Search Results

Author: Bronte-Tinkew, Jacinta
Resulting in 6 citations.
1. Bronte-Tinkew, Jacinta
Moore, Kristin Anderson
Capps, Randolph C.
Zaff, Jonathan
The Influence of Father Involvement on Youth Risk Behaviors Among Adolescents: A Comparison of Native-Born and Immigrant Families
Social Science Research 35,1 (March 2006): 181-209.
Also: http://www.sciencedirect.com/science/article/pii/S0049089X04000845
Cohort(s): NLSY97
Publisher: Academic Press, Inc.
Keyword(s): Adolescent Behavior; Fathers and Sons; Fathers, Involvement; Immigrants; Modeling, Logit; Risk-Taking

This study explores how father involvement is associated with adolescent risk behaviors among youth in first, second, and third-generation families in US. Using data from the National Longitudinal Study of Youth 1997 (Rounds One–Three), and discrete time logit regressions, we find that father involvement predicts a reduced likelihood of subsequent engagement in risky behaviors among adolescents. Being a first-generation immigrant youth is also associated with reduced risky behaviors. Two-way interaction models indicate that father involvement matters more for sons than for daughters. Two-way interaction models also indicate that father involvement does not interact with immigration status to predict adolescent risky behaviors, but is significant for adolescents in immigrant and native-born families. These findings are preliminary because of two important limitations. First, these data did not capture country of origin variations, and the analyses did not take into consideration cultural differences in parenting among immigrant groups that are likely to influence adolescent outcomes. A strength is that all analyses control for maternal involvement.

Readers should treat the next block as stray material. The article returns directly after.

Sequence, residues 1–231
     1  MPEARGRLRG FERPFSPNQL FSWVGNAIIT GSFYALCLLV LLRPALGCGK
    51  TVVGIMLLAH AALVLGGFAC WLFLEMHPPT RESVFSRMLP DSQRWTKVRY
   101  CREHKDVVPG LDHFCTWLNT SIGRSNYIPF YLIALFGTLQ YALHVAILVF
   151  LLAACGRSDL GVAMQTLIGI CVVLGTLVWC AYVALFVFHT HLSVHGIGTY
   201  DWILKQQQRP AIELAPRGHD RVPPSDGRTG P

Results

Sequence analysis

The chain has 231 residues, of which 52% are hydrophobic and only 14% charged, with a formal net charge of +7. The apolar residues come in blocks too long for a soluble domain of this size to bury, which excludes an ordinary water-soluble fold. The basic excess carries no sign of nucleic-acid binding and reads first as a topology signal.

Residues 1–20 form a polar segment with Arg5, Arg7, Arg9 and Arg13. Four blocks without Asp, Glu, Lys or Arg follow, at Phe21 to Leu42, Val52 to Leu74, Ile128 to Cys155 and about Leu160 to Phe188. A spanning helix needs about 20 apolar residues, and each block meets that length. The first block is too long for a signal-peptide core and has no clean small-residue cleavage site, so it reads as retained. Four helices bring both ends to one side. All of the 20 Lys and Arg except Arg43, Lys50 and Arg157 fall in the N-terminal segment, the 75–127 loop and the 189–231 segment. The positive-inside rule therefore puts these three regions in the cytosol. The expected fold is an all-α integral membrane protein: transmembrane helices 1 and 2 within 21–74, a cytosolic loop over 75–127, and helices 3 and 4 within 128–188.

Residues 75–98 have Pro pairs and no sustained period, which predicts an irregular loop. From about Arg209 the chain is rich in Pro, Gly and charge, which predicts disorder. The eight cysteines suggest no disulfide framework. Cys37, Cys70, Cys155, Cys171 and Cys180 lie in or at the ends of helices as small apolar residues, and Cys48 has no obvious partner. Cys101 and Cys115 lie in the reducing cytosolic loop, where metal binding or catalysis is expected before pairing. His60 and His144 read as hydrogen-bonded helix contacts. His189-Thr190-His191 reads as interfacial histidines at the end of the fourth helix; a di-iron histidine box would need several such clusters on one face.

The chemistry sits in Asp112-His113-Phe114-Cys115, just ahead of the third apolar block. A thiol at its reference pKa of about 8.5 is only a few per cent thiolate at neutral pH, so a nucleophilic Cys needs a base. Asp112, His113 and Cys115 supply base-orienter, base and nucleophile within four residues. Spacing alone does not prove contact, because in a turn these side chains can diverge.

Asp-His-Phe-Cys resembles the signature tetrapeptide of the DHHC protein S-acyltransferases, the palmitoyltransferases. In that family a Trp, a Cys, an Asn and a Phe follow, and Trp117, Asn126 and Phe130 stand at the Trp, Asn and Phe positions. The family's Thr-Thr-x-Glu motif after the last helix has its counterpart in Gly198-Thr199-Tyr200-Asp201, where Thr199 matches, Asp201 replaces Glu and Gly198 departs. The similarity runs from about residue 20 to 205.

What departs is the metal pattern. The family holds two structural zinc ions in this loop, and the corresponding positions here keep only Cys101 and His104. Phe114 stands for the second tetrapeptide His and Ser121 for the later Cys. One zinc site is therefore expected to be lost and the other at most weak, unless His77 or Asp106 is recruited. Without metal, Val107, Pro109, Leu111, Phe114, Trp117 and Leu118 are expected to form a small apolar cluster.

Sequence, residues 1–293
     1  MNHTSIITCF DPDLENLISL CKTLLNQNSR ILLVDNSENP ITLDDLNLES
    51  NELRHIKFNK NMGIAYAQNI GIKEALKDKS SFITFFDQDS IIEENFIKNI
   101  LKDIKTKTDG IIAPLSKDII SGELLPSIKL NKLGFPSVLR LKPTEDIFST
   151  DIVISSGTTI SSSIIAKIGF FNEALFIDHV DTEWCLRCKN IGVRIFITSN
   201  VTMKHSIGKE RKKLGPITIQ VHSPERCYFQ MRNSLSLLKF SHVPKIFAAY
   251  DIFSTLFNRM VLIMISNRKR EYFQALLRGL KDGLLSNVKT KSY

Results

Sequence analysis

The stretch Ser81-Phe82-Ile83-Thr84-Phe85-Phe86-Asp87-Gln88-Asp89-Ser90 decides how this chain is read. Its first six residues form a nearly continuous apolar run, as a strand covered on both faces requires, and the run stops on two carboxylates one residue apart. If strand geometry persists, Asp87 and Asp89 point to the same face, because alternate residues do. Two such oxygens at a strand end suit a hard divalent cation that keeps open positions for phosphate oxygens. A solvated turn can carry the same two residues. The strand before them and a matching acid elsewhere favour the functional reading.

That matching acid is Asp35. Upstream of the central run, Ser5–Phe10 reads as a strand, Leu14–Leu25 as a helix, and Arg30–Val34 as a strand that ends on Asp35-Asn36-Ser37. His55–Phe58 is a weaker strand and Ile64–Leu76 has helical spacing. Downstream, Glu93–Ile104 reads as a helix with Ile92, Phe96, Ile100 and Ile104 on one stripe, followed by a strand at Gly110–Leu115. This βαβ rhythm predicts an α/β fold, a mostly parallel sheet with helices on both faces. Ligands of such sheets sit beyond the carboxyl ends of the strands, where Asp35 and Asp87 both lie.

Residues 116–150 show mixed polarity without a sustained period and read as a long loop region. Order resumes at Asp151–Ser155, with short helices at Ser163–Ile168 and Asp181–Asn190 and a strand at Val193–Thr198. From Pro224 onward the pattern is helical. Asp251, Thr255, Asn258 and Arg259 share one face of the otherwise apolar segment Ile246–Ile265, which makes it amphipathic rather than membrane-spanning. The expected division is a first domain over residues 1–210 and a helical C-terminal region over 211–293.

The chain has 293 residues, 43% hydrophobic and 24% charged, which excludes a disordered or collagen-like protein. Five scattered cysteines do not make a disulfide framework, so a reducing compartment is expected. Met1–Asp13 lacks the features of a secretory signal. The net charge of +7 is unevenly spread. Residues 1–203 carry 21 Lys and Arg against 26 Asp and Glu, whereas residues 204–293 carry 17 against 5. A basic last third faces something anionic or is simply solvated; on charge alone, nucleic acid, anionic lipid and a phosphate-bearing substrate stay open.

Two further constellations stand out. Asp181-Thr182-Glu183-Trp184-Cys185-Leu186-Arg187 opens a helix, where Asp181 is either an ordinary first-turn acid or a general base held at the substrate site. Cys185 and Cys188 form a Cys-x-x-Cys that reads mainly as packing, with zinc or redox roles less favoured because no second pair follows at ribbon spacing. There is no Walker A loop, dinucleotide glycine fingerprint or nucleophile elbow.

Bibliography Citation
Bronte-Tinkew, Jacinta, Kristin Anderson Moore, Randolph C. Capps and Jonathan Zaff. "The Influence of Father Involvement on Youth Risk Behaviors Among Adolescents: A Comparison of Native-Born and Immigrant Families." Social Science Research 35,1 (March 2006): 181-209.
2. Bronte-Tinkew, Jacinta
Moore, Kristin Anderson
Carrano, Jennifer